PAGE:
Multiple Births Associated With Greater Late-Life Risk for Alzheimer Disease

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Grand multiparity was associated with significantly worse Mini-Mental State Examination scores compared with those with 1 to 4 completed pregnancies.
Grand multiparity was associated with significantly worse Mini-Mental State Examination scores compared with those with 1 to 4 completed pregnancies.

In a study published in Neurology, a multi-international team of researchers reports that grand multiparity, or women who have ≥5 live births in their lifetime, is associated with an increased risk for Alzheimer disease (AD). In addition, the researchers also found a low late-life risk for AD in women who had experienced incomplete pregnancies compared with women who had never experienced an incomplete pregnancy.

The Korean Longitudinal Study on Cognitive Aging and Dementia (KLOSCAD) and Hellenic Longitudinal Investigation of Aging and Diet (HELIAD) were pooled to obtain a cohort of 3549 women with a full reproductive history available for analysis. Study investigators retrospectively assessed the association between complete and incomplete pregnancies with mild cognitive impairment and AD.

In the cohorts, researchers used the Mini-Mental State Examination (MMSE) and the Geriatric Depression Scale Short Form to assess mental status. For dementia-free women, analyses of covariance of the pooled analysis were used to evaluate associations of both complete and incomplete pregnancies with the MMSE score.

Compared with women who had 1 to 4 completed pregnancies, women with ≥5 complete pregnancies had an approximately 1.7-fold increased AD risk (odds ratio [OR] 1.68; 95% CI, 1.04-2.72; P =.036). Conversely, 1 incomplete pregnancy (OR 0.43; 95% CI, 0.24-0.76; P =.004) and ≥2 incomplete pregnancies (OR 0.56; 95% CI, 0.34-0.92; P =.022) were associated with a significantly lower risk for AD compared with those who had never had an incomplete pregnancy.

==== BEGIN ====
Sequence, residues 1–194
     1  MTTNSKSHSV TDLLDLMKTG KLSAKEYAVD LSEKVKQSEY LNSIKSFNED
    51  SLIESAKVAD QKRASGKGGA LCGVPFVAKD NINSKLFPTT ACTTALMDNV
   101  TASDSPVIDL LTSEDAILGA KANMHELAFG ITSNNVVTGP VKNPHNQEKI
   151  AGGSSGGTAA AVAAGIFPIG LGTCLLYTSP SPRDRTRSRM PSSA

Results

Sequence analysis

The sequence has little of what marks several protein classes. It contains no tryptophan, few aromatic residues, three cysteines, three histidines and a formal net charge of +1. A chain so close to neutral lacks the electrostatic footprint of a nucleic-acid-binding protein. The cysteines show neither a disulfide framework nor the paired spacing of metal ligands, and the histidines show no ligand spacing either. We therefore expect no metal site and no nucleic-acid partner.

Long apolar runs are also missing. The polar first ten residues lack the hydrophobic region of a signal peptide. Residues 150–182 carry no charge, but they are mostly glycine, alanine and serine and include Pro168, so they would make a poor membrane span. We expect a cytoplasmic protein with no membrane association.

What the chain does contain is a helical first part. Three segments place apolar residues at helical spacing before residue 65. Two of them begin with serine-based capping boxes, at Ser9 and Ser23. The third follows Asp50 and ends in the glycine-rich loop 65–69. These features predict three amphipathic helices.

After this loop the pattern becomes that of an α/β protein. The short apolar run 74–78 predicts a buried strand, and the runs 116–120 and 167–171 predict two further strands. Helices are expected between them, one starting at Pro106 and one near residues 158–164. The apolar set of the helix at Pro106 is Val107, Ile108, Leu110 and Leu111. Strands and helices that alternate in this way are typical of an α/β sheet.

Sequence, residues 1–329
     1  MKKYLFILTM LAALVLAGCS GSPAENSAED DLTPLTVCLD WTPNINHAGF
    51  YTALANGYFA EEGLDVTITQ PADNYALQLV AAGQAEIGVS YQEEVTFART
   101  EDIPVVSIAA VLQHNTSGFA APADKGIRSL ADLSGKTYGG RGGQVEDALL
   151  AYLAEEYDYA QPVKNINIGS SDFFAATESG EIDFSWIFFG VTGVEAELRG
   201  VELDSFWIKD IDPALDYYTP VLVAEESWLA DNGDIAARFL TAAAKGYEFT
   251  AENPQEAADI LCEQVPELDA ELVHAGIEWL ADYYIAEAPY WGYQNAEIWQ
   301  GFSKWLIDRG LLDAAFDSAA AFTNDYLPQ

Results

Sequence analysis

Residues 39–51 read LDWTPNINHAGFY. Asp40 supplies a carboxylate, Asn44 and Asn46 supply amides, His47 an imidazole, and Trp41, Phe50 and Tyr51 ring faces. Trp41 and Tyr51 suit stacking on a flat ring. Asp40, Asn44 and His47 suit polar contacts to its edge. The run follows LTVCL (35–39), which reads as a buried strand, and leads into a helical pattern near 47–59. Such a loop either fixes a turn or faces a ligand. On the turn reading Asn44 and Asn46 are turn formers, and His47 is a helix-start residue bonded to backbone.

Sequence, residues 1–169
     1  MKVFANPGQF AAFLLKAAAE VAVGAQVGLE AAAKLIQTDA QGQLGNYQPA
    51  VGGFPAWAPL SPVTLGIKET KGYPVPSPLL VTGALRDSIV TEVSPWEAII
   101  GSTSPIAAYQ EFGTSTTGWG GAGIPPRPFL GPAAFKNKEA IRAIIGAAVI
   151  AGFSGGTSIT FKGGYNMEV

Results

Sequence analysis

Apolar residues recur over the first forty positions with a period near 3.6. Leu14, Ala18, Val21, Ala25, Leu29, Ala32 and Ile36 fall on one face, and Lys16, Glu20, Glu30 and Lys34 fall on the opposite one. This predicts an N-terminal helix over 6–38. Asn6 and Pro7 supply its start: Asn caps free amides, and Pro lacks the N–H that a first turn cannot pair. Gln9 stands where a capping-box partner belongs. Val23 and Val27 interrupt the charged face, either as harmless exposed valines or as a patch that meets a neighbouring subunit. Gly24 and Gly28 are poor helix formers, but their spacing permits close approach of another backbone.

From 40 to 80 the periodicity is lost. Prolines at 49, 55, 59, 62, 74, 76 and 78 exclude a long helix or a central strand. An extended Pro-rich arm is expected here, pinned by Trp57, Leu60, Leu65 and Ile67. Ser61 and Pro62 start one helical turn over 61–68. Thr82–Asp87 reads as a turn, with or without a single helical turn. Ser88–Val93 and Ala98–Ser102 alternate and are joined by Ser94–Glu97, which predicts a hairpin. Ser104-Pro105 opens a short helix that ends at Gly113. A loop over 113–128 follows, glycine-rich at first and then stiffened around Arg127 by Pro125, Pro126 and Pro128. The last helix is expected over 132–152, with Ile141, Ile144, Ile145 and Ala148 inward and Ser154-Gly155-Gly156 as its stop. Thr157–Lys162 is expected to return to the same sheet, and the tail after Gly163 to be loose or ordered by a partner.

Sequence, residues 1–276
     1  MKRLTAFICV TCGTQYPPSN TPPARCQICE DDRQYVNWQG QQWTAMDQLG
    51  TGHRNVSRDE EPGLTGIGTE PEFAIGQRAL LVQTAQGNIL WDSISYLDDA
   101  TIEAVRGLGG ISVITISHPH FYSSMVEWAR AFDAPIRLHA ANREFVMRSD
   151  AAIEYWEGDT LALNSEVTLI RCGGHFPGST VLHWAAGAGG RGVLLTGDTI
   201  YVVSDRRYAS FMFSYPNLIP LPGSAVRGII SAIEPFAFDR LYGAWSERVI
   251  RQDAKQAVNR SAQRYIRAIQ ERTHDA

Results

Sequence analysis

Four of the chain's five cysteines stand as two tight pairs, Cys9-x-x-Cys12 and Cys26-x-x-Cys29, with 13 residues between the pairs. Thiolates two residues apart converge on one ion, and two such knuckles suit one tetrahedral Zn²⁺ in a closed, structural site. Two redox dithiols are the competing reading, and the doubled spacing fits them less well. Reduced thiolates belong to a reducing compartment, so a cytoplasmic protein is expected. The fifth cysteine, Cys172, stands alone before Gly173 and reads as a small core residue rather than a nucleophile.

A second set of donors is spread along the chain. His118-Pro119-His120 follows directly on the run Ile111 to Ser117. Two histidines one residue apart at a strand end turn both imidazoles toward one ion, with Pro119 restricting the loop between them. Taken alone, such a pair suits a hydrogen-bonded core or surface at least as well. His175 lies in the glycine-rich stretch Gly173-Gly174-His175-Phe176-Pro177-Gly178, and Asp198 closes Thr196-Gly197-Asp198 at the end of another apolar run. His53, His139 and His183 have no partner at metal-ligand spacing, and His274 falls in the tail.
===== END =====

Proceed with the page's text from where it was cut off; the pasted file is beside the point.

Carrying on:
In the separate analysis of dementia-free women, grand multiparity was associated with significantly worse MMSE scores compared with those with 1 to 4 completed pregnancies (P <.001). In addition, those who had ≥1 incomplete pregnancies scored significantly better on the MMSE vs women with no prior incomplete pregnancy (P =.008).

The retrospective assessment of self-reported reproductive histories, which may have introduced recall bias, represented a primary study limitation.

These findings hold possible clinical implications, including its potential to "lead to the development of hormone-based preventive strategies aimed at reducing AD risk in women, particularly those who are grand multipara," the authors write.

Reference

Jang H, Bae JB, Dardiotis E, et al. Differential effects of completed and incomplete pregnancies on the risk of Alzheimer disease. Neurology. 2018;91(7):e643-e651.

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